Multi-Scale Fluid-Kinetic Simulations Suite – A Tool for the Investigation of Physical Processes at the Boundary of the Heliosphere

Monday, 15 December 2014
Igor Kryukov1, Nikolai V Pogorelov2, Matthew Clayton Bedford1, Sergey Borovikov3, Jacob Heerikhuisen2, Tae K. Kim4 and Gary Paul Zank2, (1)University of Alabama in Huntsville, Huntsville, AL, United States, (2)University of Alabama in Huntsville, Space Science, Huntsville, AL, United States, (3)Univ. of Alabama in Huntsville, Huntsville, AL, United States, (4)Univ. of Alabama in Huntsville, Madison, AL, United States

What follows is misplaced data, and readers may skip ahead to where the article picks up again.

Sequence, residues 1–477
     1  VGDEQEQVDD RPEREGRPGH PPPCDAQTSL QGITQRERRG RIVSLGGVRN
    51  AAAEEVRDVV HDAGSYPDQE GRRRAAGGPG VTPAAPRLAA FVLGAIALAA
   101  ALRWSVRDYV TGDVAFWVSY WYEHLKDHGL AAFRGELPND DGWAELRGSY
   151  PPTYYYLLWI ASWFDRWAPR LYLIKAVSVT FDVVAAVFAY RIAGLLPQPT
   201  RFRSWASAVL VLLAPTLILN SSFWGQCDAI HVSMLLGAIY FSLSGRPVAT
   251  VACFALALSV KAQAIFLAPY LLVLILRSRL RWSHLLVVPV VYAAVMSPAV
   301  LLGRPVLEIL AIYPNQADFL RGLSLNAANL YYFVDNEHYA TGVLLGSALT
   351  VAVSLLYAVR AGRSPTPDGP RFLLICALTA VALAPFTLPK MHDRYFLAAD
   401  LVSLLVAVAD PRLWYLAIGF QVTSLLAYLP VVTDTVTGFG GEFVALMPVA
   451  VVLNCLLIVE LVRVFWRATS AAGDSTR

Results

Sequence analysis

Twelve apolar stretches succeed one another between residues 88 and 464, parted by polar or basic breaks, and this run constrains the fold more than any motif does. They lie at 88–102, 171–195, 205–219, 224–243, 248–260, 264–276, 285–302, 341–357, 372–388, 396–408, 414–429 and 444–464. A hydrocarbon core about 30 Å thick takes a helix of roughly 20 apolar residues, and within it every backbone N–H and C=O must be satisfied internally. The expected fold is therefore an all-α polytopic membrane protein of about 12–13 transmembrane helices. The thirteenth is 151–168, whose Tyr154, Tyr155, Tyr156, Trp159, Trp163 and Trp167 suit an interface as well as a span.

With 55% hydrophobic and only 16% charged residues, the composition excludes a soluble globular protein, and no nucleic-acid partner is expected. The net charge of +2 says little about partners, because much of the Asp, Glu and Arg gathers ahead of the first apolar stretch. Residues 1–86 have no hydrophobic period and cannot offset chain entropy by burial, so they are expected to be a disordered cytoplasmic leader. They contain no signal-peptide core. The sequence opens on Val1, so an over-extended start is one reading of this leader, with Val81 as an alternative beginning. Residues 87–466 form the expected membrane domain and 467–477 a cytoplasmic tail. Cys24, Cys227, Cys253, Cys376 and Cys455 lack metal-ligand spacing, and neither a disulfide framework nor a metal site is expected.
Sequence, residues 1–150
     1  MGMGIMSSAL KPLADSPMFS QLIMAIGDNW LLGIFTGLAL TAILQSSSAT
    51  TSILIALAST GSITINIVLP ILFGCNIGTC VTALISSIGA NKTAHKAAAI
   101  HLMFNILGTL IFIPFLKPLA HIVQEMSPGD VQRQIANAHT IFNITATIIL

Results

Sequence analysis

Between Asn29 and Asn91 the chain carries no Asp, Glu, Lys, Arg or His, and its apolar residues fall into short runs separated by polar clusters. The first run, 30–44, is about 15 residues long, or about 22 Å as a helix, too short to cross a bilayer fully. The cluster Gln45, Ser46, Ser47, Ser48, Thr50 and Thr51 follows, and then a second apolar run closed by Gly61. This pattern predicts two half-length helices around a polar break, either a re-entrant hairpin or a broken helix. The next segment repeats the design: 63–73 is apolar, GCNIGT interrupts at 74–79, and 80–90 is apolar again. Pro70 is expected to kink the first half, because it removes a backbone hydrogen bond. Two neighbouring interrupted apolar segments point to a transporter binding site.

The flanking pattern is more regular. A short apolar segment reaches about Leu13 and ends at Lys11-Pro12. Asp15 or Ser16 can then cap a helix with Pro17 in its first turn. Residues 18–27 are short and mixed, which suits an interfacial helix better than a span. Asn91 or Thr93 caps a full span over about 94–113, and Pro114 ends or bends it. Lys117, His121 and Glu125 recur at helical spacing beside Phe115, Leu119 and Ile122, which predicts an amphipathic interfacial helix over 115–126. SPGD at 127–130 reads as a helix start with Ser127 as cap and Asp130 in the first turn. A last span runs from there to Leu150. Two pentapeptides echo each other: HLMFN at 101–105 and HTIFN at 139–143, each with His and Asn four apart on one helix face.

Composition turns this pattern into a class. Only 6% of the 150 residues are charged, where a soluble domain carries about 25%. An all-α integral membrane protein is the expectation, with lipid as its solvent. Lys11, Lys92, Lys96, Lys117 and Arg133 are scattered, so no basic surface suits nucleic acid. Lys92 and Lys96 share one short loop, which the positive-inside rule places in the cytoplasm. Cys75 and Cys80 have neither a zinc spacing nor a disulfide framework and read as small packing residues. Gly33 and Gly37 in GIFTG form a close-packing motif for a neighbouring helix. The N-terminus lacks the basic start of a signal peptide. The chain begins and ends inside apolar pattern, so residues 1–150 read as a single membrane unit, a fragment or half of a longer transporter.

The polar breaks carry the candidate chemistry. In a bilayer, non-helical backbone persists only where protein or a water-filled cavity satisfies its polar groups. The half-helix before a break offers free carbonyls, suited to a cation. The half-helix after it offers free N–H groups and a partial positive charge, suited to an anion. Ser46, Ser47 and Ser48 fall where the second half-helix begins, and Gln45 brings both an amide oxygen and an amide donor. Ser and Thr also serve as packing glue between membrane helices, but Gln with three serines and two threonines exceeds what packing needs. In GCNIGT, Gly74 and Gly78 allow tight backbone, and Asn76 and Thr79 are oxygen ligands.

Flows of partially ionized plasma are frequently characterized by the presence of both thermal and nonthermal populations of ions. This occurs, e.g., in the outer heliosphere – the part of interstellar space beyond the solar system whose properties are determined by the solar wind (SW) interaction with the local interstellar medium (LISM). Understanding the behavior of such flows requires us to investigate a variety of physical phenomena occurring throughout the solar system. These include charge exchange processes between neutral and charged particles, the birth of pick-up ions (PUIs), the origin of energetic neutral atoms (ENAs), SW turbulence, etc. Collisions between atoms and ions in the heliospheric plasma are so rare that they should be modeled kinetically. PUIs, born when LISM neutral atoms experience charge exchange with SW ions represent a hot, non-equilibrium component and also require a kinetic treatment. The behavior of PUIs at the SW termination shock (TS) is of major importance for the interpretation of the puzzling data from the Voyager 1 and 2 spacecraft, which are now the only in situ space mission intended to investigate the boundary of the solar system. We have recently proposed an explanation of the sky-spanning "ribbon" of unexpectedly intense emissions of ENAs detected by the Interstellar Boundary Explorer (IBEX) mission and "early" penetration of Voyager 1 into the LISM. Numerical solution of these problems with the realistic boundary conditions provided by remote and in situ observations of the SW properties requires the application of adaptive mesh refinement (AMR) technologies and petascale supercomputers. Supported by the NSF ITR program and various NASA projects, we have implemented these in our Multi-Scale FLUid-Kinetic Simulation Suite, which is a collection of problem-oriented routines incorporated into the Chombo AMR framework. This paper explains the structure of MS-FLUKSS and provides examples of its application to modeling the SW-LISM interaction.